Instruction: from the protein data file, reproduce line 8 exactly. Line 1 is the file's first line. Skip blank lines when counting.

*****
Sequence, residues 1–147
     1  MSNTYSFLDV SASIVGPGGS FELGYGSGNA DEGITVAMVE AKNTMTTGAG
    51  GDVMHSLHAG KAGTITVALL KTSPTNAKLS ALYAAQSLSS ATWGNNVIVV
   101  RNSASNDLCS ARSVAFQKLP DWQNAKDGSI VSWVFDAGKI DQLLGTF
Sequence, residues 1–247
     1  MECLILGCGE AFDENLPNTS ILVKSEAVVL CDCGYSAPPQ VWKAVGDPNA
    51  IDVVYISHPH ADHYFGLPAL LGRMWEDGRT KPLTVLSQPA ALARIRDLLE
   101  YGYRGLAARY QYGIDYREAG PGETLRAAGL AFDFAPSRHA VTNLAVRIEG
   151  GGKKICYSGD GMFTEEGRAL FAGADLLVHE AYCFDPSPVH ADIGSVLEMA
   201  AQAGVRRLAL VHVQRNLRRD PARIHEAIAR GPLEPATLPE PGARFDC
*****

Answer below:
   101  YGYRGLAARY QYGIDYREAG PGETLRAAGL AFDFAPSRHA VTNLAVRIEG